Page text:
The Automated Communications Engine (A.C.E.) is a framework for automatically sending messages to users. It is intended to support the identification of recipients and personalization of messages for each recipient.
The intent is for ACE to provide the application-specific logic that is easiest to manage in an environment that is close to the source-of-truth data and outsource the generic functionality that is complex but not a core competency of an education platform (like sending email). This line, of course, is a bit blurry, so we reserve the right in the future to push more functionality into the third-party provider as our needs evolve. We may even choose to delegate all of this functionality to a third-party at some point in the future.
Given the complexity of finding the right people to send the right message to with all of the needed personalization, we try to handle that problem as closely to the source-of-truth as possible instead of trying to manage a complex integration with a third-party system.
The following future requirements might encourage us to shift the line between custom and off-the-shelf in the future:
ACE was designed with the following goals in mind:
The first goal we supported by choosing to use Django as the templating mechanism, and by making ACE a library that could be used by many Django applications, rather than a separate service that was called by many Django applications.
The second and third goal guided where we added extension points into the ACE architecture.
A RuntimeEnvironment is a Django application that has included edx_ace as a djangoapp. ACE is running in the same process as this application.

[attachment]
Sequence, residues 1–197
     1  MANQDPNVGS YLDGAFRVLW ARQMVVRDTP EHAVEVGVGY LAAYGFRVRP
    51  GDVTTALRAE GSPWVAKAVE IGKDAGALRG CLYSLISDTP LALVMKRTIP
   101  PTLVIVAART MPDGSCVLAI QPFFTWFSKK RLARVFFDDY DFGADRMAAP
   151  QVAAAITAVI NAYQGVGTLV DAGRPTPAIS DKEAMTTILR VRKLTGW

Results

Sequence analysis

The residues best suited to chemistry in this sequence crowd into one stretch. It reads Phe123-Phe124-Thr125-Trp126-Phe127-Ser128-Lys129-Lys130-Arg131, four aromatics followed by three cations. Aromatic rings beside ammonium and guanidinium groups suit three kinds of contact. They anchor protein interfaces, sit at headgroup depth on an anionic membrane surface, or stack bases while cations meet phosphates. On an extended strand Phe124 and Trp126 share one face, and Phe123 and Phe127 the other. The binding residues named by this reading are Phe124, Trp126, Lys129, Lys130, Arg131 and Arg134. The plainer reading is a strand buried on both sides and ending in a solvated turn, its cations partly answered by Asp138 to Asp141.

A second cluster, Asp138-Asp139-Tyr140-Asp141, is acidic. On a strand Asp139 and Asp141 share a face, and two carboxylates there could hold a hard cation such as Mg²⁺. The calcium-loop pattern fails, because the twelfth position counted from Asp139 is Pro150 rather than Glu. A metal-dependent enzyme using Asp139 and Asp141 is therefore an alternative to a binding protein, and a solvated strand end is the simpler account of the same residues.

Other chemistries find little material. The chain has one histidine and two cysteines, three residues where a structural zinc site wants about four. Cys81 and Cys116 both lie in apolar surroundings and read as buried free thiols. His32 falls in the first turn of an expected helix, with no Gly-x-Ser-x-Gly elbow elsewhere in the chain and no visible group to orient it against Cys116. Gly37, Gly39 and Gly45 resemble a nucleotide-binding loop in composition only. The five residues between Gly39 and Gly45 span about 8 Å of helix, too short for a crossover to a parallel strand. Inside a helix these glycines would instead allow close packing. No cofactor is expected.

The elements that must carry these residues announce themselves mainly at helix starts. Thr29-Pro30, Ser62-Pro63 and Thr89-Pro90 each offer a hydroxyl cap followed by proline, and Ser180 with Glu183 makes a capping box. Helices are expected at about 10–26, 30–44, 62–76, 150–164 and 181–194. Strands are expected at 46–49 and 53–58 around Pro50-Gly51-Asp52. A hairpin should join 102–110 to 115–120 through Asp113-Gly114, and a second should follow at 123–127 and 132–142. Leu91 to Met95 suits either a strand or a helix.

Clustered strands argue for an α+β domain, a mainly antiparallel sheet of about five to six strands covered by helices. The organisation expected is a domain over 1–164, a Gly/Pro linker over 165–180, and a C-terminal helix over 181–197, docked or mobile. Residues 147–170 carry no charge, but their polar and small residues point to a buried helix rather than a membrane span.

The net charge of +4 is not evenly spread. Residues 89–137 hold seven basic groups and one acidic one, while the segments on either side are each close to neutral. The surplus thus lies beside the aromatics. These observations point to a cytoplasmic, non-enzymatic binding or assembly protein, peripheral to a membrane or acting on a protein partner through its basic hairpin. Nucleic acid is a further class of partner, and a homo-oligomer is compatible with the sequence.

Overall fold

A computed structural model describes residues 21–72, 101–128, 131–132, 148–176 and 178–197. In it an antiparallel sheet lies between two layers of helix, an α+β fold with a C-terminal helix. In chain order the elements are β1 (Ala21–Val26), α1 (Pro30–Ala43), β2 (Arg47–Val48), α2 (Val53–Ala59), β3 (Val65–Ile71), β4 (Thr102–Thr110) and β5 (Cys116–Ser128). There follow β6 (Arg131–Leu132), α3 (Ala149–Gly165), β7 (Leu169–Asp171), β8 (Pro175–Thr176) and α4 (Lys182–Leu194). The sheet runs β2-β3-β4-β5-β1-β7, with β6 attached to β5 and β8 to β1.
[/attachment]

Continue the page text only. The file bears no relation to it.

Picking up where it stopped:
The RuntimeEnvironment provides:
MessageType represents a type of communication we might want to send to the learner. Our
various applications will want to define different
MessageTypes. Examples might
DeadlineReminder etc. It is user agnostic, however,
it can be used as a factory for
Message objects by “personalizing” the generic message type
for a particular user.
Channel is a communication channel with the learner. Examples include Email, SMS, Push
Notifications, In-Browser Notifications etc.
An Application often wants to define several
MessageTypes and knows when to
send them to who. It is expected to be implemented as a djangoapp included in the same RuntimeEnvironment as ACE.
The Application is responsible for defining Django templates for each dynamic field required for each
Channel for each
MessageType. For an email, for example, this
includes the subject, from_name, body_html etc.
Django templates provide a lot of functionality we want out of the box, including:
Recipient defines the contact information for the person who is intended to receive the
message. It must contain all of the needed information for each enabled
Channel. For example,
this might include the user’s email address and/or notification key (for mobile push notifications).
The Application executes
ace.send(message) for each message it wants to send. This
triggers the ACE message delivery pipeline.
It calls a series of registered
Policy objects in sequence to determine if the user should
actually receive the message and over which channels. This is where user preferences are enforced. These are
dynamically loaded using standard python plugin tools.
The Presentation tools render the message templates using the Django template engine.
Channel has exactly one implementation that is called in sequence to transmit the
message to the user over the appropriate channel if and only if the policy has allowed communication over that channel.
An example is the